Starring: Michael Keaton, Melanie Griffith, Matthew Modine, Laurie Metcalf, Mako, Carl Lumbly, Dorian Harewood, Luca Bercovici, Tippi Hedren, Jerry Hardin, Miriam Margoyles, Hal Landon, Jr, Tracey Walter, Dan Hedaya, Beverley D’Angelo.

Having such good films under his belt like “Midnight Cowboy” and “Marathon Man”, director John Schlesinger is no slouch when it comes to crafting a quality drama or suspense. However, with an irritatingly underpar cast, this is not one of his finer efforts.

Young couple Patty (Melanie Griffith) and Drake (Matthew Modine) purchase a Victorian home in San Francisco. They fix it up and rent one of the apartments to fast-talking businessman Carter Hayes (Michael Keaton) unaware that he is in fact, a sociopathic swindler.

When this film was released in 1990, I actually enjoyed it. I was 12 years old. Looking at it now, I have to admit that my critical faculties had not kicked in then. There’s no denying that it’s a well crafted suspense yarn but it’s also ludicrously plotted. The fault doesn’t lie with Schlesinger though, in fact, he does really well handling the tension and suspense. The fault lies with the unintelligible script. Would this stereotypically disturbed character really waste his time, being no more than an inconvenience by drilling holes in the walls? Do disturbed sociopaths really sit watching static interference on TV, in a darkened room, while flipping a razor blades over their fingers? Methinks it’s all a little melodramatic. Keaton does his best sinister look with animated eyebrows, Modine needs his quiff trimmed and Griffith gives her usual one-note innocent, softly spoken, damsel in distress act. Three very limited actors with a very limited script. Schlesinger brings what he can to the table, but it’s not enough to overcome ineptitude.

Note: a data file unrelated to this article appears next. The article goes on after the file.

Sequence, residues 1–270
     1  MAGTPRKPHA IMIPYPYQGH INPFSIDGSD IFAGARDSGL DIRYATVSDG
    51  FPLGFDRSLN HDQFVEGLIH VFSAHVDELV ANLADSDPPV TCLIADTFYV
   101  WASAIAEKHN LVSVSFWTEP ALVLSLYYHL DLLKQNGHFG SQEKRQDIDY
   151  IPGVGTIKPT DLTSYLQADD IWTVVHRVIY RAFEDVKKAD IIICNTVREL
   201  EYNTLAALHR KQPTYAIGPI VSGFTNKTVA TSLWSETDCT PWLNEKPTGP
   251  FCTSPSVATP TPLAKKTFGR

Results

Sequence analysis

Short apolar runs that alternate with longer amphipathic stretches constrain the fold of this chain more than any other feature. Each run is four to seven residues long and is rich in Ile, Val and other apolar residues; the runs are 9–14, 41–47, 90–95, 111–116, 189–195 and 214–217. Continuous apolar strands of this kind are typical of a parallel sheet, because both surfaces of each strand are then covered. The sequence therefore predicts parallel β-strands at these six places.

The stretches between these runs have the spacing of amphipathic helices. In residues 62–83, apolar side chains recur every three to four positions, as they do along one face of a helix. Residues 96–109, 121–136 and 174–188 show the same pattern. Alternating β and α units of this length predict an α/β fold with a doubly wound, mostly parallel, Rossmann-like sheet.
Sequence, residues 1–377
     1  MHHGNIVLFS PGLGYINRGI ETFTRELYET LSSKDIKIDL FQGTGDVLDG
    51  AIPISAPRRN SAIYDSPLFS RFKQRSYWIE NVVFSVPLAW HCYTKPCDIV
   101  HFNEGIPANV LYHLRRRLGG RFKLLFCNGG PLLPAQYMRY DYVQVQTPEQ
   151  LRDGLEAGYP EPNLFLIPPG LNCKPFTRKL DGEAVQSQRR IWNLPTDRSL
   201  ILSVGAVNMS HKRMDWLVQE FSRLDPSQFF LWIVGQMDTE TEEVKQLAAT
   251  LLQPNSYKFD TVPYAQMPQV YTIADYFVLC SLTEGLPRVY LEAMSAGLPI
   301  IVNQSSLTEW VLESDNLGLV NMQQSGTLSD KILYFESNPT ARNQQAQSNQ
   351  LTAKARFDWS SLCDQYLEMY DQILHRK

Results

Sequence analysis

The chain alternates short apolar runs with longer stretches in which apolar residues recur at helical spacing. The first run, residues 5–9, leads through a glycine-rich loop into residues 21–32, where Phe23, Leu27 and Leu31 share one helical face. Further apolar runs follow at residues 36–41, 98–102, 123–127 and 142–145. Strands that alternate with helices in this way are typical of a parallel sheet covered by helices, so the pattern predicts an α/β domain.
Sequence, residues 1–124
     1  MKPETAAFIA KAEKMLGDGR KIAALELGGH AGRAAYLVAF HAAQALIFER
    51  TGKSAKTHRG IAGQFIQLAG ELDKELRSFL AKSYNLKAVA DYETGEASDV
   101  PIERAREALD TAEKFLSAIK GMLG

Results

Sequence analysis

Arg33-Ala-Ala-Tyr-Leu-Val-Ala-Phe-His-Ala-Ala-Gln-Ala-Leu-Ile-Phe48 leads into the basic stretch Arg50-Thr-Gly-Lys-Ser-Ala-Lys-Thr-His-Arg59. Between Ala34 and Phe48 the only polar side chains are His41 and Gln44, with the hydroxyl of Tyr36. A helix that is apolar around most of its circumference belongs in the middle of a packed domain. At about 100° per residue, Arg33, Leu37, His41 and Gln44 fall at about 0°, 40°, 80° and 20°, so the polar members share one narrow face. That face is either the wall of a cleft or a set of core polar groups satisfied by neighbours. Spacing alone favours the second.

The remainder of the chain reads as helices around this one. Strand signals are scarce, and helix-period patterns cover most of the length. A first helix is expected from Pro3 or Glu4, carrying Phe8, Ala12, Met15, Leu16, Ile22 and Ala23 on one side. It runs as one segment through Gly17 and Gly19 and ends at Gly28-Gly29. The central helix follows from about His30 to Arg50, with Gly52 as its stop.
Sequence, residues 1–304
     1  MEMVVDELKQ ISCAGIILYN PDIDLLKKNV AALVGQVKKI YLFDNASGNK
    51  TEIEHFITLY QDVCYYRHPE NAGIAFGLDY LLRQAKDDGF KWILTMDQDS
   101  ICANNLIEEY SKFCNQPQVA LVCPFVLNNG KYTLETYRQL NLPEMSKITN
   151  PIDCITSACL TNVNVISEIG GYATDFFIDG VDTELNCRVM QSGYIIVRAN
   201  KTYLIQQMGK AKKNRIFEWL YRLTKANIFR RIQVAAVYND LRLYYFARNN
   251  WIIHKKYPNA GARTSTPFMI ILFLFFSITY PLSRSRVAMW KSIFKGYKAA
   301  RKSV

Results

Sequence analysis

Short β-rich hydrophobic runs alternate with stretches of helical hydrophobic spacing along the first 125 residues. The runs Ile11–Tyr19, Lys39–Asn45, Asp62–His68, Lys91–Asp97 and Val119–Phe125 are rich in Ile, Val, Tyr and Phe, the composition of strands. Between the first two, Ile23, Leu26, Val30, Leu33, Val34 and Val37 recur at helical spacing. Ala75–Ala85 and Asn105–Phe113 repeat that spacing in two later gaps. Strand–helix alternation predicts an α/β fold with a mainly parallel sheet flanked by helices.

Hitchcock would have had a field day with similiar material. Schlesinger tries his best to emulate the old master but he’s ultimately fighting a losing battle with a very limited cast.

Mark Walker


GoodFellas * * * * *

Posted in Crime, Drama with tags on January 9, 2012 by Mark Walker


Director: Martin Scorsese.
Screenplay: Martin Scorsese, Nicholas Pileggi.
Starring: Robert DeNiro, Ray Liotta, Joe Pesci, Lorraine Bracco, Paul Sorvino, Frank Vincent, Frank Sivero, Mike Starr, Tony Darrow, Chuck Low, Debi Mazar, Illeana Douglas, Christopher Serrone, Kevin Corrigan, Michael Imperioli, Tony Sirico, Samuel L. Jackson.